Sin raíces: a rambling post that doesn’t quite know what it’s about


Keillor on location

Words, words, words

My favorite word in Spanish is enraizado (followed closely by ojalá). I like words; I guess it comes with liking to read and write. Somewhere (I lost it) there is a long (and ever-growing) list of my favorite English words. In Russian, my favorite word is actually a phrase: Я с удовольствием (ya s udovol’stviyem), which means something like, “my pleasure.” In Mandarin I’m still searching for a favorite, but in the meantime I like the way 週末 (zhōumò — weekend) sounds.

Enraizado means rooted. I learned it by reading a commentary on Pablo Neruda’s poetry in Spanish. (I found the commentary in Capitol Books in D.C., in the bathroom, which is their foreign language section).  Looking it up, it appears that arraigado is the more common way to say rooted, and so I already like enraizado for being a less common word. I like also that raíz, the Spanish word for root, shares the same root (see what I did there?) as the English word radicle, which reminds me of organismal biology, one of my favorite classes in college. And, less esoterically, mainly I just like the way it sounds, the way it feels to say it (if only I could describe how it feels to say a word so evocatively as Nabokov does).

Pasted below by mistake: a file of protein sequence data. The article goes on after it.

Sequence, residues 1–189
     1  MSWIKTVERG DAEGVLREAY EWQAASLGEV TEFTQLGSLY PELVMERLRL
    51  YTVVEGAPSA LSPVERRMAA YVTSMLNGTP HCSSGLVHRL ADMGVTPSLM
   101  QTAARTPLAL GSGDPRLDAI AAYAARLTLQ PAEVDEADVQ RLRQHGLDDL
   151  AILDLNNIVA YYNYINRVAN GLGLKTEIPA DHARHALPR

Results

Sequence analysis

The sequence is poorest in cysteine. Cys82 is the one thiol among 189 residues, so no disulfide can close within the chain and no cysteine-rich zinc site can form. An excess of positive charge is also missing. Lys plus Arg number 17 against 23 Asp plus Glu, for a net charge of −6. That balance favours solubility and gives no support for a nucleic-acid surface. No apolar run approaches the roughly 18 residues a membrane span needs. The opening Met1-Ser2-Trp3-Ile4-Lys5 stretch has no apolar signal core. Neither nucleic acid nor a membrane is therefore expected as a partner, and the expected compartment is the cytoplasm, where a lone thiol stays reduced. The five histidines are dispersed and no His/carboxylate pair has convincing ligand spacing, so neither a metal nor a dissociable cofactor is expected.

But its meaning doesn’t gain much traction in my life. And that’s something I often think about.

Impersonal geographies

Feb. ’14 (the brain article is worthy of a lengthy discussion of its own)

Garrison Keillor wrote an article for last month’s issue of National Geographic that he dubbed, “a personal geography.” If I didn’t have so much I wanted to say regarding the article, I would post it without comment as “Better writing than mine.” It’s very easily one of my favorite pieces of short non-fiction.

More memoir than reportage, the piece tells about a place — Mineappolis-St. Paul — by telling about one person’s experience of that place. Keillor was born in the Twin Cities. He’s lived, loved, and lost there. And, now that he’s growing old there, he honored the place with a wonderful essay. His, and the city’s, is a story with roots.

Geography, according to Apple’s pre-installed dictionary, is:

the study of the physical features of the earth and its atmosphere, and of human activity as it affects and is affected by these, including the distribution of populations and resources, land use, and industries.

As an delineation of the province of National Geographic, that definition goes a long way.